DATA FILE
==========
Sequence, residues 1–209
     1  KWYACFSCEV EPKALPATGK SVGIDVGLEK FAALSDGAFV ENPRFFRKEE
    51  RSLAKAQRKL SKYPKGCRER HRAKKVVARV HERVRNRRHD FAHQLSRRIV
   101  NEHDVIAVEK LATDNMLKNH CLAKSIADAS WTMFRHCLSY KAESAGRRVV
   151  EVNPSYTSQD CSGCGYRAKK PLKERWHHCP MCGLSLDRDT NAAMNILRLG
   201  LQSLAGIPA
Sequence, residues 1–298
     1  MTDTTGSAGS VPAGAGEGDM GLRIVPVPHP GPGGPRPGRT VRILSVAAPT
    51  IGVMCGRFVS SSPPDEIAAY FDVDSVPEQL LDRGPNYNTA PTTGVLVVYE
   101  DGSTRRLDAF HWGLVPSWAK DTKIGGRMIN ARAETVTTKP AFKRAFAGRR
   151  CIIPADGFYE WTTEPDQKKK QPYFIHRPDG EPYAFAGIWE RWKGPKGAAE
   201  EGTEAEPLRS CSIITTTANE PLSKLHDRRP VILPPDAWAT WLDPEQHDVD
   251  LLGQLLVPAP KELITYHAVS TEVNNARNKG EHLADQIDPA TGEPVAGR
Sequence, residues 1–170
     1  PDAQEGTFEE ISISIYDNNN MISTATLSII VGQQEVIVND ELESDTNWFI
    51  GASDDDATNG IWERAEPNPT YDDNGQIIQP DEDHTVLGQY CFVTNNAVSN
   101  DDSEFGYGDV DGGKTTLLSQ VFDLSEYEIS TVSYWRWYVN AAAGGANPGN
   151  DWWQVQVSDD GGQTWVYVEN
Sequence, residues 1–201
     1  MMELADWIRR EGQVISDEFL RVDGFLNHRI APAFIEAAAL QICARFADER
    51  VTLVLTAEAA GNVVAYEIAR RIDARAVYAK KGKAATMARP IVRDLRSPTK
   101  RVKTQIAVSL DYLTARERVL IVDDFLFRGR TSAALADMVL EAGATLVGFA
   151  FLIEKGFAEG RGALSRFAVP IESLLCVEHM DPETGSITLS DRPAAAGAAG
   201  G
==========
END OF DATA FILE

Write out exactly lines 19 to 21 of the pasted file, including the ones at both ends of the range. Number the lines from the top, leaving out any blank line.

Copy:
Sequence, residues 1–201
     1  MMELADWIRR EGQVISDEFL RVDGFLNHRI APAFIEAAAL QICARFADER
    51  VTLVLTAEAA GNVVAYEIAR RIDARAVYAK KGKAATMARP IVRDLRSPTK